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The Pointer Sisters are an American R&B vocal group who came to prominence in the early 70s and enjoyed a successful career throughout the 80s. Their music continuously evolved over the years, hitting on Motown inspired soul music, soft rock, country, post-disco, and dance-pop.
The Pointer family grew up in West Oakland California and during their childhood they were goaded by their parents (Elton and Sarah) to sing hymns and gospel music. Their father who was a church minister was adamant about steering his children away from rock and blues music, but they fell in love with these genres anyways. The sisters balanced their time between both church and secular music. When they were not busy singing in the choir they were soaking up hit singles by Elvis Presley such as “All Shook Up”.
By the 60s Bonnie and June Pointer began singing professionally under the moniker “Pointers, A Pair”. They started out making rounds in various night clubs in the San Francisco area, but eventually progressed towards the role of backup singers for important vocalist like Grace Slick, Sylvester James, Boz Scaggs, and Elvin Bishop. During this transitory stage the girls invited their sister Anita to join the group.
In 1971 the sisters signed to Atlantic Records and while they produced several singles for the label none of them offered them a commercial break. Their sister Ruth also jumped on board in 1972 and shortly after the sisters (now a quartet) entered into a recording contract with Blue Thumb Records. The Pointer Sisters released their studio debut in 1973. They made a conscious attempt to avoid many of the current pop trends and instead focused on a sound that was representative of jazz and be-bop music.
Though the album was an attempt to defy modern pop conventions, this release was nevertheless a hit, jumping to No. 10 on the Billboard 200 and No. 3 on the R&B Album Charts. Their sophomore effort “That’s a Plenty” came out just a year later. This release was a stylistic extension of their debut; however, the album was demarcated by the stand out Country track “Fairytale”. This cut rose to No. 13 on the pop charts and No. 37 on the Country charts. It also built the sisters a following in Nashville and led them to their performance at the Grand Ole Opry, making them the first female black singers to perform at that venue. The song went on to win a Grammy for “Best Country Performance by a Duo or Group with Vocal” and was also covered by their personal hero Elvis Presley.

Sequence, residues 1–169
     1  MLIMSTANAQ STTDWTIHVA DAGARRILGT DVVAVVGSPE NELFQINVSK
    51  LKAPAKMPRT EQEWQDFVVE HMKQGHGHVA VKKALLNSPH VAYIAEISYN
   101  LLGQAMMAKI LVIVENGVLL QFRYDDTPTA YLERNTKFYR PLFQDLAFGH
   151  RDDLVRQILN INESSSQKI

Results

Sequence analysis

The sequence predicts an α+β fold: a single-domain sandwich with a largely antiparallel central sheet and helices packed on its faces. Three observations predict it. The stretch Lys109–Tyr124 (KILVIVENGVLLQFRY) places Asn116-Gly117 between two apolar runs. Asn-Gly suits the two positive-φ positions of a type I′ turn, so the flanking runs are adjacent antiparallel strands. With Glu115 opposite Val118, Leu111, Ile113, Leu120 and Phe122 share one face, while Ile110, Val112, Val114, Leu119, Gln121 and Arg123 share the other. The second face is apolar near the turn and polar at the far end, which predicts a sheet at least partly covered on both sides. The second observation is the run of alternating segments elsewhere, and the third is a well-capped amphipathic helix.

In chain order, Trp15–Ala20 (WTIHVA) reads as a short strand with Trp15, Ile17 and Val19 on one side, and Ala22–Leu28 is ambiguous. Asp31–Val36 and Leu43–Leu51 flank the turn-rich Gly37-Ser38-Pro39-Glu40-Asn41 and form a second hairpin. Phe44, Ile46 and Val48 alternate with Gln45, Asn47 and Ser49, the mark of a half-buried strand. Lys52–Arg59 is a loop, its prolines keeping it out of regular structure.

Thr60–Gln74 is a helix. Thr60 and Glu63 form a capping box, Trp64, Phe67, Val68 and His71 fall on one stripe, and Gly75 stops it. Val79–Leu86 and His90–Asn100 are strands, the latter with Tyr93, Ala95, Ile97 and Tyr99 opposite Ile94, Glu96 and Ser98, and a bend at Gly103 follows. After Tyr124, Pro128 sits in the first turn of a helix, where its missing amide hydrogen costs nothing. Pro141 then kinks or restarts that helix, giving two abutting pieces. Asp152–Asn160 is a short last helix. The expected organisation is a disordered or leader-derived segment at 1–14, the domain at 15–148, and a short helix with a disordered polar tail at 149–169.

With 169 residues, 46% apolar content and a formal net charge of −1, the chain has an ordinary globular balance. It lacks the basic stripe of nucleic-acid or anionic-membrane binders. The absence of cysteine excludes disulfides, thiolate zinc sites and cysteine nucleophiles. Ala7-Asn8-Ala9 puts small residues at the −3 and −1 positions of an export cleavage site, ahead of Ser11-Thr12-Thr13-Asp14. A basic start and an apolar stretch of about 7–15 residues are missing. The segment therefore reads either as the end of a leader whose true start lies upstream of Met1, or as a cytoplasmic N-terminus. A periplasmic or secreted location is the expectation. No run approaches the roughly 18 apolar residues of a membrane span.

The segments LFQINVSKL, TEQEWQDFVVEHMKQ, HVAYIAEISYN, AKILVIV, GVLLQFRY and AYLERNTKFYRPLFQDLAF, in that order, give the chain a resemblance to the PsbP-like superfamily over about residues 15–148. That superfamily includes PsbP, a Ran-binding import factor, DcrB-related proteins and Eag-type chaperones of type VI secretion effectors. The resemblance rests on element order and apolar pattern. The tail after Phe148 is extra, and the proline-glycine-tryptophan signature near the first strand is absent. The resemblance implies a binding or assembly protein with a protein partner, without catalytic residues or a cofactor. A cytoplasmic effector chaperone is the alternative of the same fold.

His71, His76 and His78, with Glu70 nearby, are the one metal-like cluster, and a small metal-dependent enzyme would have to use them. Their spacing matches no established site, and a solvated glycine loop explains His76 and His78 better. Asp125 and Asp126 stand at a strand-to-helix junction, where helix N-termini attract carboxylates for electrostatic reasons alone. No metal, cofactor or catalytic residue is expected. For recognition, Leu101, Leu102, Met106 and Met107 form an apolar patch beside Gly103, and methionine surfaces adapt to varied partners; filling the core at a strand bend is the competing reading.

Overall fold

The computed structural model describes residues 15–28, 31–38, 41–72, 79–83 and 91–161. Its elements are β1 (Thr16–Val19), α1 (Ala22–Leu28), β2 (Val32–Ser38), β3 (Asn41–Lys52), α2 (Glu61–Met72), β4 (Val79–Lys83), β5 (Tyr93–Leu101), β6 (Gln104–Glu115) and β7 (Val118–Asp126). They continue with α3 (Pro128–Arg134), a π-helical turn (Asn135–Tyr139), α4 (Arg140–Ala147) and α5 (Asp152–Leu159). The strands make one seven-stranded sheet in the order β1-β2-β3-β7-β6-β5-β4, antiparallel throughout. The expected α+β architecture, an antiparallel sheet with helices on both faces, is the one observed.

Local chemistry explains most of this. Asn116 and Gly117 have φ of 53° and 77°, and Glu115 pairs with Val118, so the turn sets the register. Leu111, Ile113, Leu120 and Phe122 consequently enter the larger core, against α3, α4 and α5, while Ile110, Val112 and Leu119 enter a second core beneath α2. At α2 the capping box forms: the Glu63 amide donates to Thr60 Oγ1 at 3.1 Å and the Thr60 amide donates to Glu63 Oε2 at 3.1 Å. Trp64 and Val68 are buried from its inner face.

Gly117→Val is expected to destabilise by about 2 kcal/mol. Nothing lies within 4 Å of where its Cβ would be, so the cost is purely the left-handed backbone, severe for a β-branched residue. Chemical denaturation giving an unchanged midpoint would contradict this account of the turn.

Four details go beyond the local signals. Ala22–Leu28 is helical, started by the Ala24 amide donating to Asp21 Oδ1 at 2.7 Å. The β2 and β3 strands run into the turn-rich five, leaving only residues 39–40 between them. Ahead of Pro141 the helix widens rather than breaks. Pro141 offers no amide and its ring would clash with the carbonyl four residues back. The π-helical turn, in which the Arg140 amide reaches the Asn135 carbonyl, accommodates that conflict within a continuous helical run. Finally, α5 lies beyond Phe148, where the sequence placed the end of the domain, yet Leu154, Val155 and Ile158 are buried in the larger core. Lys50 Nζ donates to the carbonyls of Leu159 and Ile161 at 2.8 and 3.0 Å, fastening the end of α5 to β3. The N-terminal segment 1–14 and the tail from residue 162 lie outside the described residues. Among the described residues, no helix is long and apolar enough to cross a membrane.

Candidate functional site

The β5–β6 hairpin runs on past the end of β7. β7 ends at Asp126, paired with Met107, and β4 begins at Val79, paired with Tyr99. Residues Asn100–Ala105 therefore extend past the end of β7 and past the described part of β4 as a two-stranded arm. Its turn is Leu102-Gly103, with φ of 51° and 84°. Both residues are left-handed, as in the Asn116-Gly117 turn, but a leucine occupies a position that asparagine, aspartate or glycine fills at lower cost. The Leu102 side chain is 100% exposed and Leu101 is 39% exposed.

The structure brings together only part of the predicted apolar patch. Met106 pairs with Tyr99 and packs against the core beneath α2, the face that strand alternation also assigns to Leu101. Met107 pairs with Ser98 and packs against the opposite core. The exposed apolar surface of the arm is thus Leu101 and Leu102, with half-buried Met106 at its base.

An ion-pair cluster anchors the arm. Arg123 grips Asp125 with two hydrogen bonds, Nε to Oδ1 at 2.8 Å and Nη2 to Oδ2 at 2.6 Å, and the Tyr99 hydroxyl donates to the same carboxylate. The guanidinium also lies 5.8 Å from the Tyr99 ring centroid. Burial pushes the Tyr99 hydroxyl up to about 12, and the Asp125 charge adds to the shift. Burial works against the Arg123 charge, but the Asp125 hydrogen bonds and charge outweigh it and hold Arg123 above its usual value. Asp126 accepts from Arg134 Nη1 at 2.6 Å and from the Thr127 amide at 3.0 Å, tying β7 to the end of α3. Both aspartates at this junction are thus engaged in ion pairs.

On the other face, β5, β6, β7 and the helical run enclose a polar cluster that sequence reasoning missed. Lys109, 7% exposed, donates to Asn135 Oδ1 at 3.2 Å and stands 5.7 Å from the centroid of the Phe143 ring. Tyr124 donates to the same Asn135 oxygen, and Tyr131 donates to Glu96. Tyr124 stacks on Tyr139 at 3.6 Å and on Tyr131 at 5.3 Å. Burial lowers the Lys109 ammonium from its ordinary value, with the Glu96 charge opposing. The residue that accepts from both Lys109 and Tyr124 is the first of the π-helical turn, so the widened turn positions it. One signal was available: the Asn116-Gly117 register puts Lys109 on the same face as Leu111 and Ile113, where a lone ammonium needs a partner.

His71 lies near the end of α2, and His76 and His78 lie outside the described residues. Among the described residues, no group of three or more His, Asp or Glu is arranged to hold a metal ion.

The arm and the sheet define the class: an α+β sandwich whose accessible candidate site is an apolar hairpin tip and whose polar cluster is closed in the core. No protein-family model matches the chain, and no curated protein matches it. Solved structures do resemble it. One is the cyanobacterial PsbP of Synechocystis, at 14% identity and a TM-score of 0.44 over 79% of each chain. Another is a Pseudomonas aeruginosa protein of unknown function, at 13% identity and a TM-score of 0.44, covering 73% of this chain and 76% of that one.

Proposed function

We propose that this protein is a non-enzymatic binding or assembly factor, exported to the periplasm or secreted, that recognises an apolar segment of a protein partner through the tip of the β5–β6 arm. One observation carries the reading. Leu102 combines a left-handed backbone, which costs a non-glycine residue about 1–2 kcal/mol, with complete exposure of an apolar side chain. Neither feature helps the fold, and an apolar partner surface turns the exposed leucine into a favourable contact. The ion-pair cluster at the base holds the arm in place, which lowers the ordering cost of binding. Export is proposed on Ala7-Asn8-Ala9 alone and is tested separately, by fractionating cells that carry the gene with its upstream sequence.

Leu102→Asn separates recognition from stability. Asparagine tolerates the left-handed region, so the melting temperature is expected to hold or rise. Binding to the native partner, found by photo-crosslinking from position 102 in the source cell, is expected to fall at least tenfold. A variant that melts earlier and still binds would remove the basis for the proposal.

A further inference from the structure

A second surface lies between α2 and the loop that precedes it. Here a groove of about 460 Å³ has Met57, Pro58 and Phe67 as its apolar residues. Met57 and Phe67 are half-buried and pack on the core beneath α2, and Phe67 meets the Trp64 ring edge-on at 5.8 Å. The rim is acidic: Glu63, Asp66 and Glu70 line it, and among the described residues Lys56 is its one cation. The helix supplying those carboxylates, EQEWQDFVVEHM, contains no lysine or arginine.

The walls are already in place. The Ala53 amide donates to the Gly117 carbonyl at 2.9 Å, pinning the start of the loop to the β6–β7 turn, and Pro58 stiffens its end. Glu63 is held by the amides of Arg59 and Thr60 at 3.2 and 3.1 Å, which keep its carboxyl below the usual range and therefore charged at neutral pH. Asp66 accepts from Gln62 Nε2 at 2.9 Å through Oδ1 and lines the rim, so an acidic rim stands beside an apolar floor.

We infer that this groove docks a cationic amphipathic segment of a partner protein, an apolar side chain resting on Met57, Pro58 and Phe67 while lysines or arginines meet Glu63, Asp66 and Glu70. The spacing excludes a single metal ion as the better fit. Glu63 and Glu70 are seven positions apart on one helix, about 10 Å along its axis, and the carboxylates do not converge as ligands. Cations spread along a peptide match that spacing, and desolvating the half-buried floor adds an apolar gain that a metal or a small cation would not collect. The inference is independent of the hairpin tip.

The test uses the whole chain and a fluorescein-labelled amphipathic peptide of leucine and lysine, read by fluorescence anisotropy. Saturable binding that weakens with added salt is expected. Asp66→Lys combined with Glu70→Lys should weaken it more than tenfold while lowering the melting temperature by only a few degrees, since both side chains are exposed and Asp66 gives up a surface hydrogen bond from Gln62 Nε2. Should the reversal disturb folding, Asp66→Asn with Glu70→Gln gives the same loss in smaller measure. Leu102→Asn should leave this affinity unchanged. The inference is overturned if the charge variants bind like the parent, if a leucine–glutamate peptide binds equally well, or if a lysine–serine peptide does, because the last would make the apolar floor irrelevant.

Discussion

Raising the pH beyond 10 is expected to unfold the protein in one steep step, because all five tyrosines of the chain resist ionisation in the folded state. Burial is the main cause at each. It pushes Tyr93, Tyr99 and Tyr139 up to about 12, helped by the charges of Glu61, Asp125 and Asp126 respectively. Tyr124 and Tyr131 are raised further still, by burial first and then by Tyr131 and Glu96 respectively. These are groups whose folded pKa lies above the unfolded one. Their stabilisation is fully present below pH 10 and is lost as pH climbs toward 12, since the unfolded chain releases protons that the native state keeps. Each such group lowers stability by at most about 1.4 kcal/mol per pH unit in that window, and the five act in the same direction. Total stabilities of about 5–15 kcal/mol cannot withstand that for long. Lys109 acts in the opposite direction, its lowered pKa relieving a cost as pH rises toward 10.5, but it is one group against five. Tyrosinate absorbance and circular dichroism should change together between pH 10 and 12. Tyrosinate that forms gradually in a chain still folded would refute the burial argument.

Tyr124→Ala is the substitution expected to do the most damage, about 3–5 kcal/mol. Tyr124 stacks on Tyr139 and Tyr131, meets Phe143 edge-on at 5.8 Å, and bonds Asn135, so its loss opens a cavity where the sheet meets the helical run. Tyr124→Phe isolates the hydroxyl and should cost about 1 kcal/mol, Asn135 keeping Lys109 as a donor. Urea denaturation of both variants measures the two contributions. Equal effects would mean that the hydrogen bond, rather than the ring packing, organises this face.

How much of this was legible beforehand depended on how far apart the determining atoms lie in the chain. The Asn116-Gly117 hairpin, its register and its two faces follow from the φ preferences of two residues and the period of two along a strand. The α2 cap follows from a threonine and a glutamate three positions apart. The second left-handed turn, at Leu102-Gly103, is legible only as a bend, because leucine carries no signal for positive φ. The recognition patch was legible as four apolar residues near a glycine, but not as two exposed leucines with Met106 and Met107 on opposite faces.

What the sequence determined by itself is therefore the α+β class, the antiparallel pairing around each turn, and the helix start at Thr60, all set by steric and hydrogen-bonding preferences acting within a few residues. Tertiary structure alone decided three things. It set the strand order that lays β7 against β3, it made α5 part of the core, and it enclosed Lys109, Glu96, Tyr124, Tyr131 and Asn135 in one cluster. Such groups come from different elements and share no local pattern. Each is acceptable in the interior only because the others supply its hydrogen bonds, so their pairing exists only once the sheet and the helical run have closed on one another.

Their 3rd studio album “Steppin’” saw release in 1975 and went to No. 20 on the Billboard hot 100. It featured the single “How Long (Betcha’ Got a Chick on the Side)”, which was later sampled by the female rap group Salt-N-Peppa and covered by Queen Latifah. In 1977 they issued ‘Having a Party”, a record leaning more heavily towards funk music. This was further made evident with their decision to include Stevie Wonder on the album.
Their 5th album “Energy” came out the following year and was their 3rd album to go gold in the US. It was also their first album not to feature Bonnie Pointer (she left the group earlier on to pursue a solo career). The album drew from the catalogue of veteran pop artists such as Donald Fagan (Steely Dan), Bob Welch (Fleetwood Mac), Sylvester Stewart (Sly and the Family Stone), Kenny Loggins, Stephen Stills, and Bruce Springsteen. Their next album “Priority” also used compositions from classic root rockers like Springsteen, Richard Thompson, and Bob Seger.
The sisters started the 80s with two certified Gold albums “Special Things” (1980) and “Black & White” (1981). Their follow up “So Excited!” did not do as well as their previous releases; however, it did include the hit “American Music” and the iconic Prince cover “I Feel for You”. The sister’s successive release “Break Out” put them at the peak of their career. This album has since gone platinum three times over in the US, four times over in Canada and Gold in the UK. It entered the US Albums chart at No. 8 and contained the three hit singles “Jump (For My Love)”, “Automatic”, and “Neutron Dance”. The 1985 album “Contact” was the sister’s first release on RCA and like it’s predecessor it too was a hit, reaching No. 25 on the US Album Charts and going platinum in both the US and Canada.
The Pointer Sisters finished up their contract with RCA with the LPs “Hot Together” (1986) and “Serious Slammin’” (1988). While these two albums were able to chart, the girls’ career started to lose momentum. They released 2 additional albums in the 90s “Right Rhythm” (1990) and “Only Sisters Can Do That” (1993), but their next album “The Pointer Sisters Favorites” did not come out until 15 years later. However they did tour on and off together between these releases.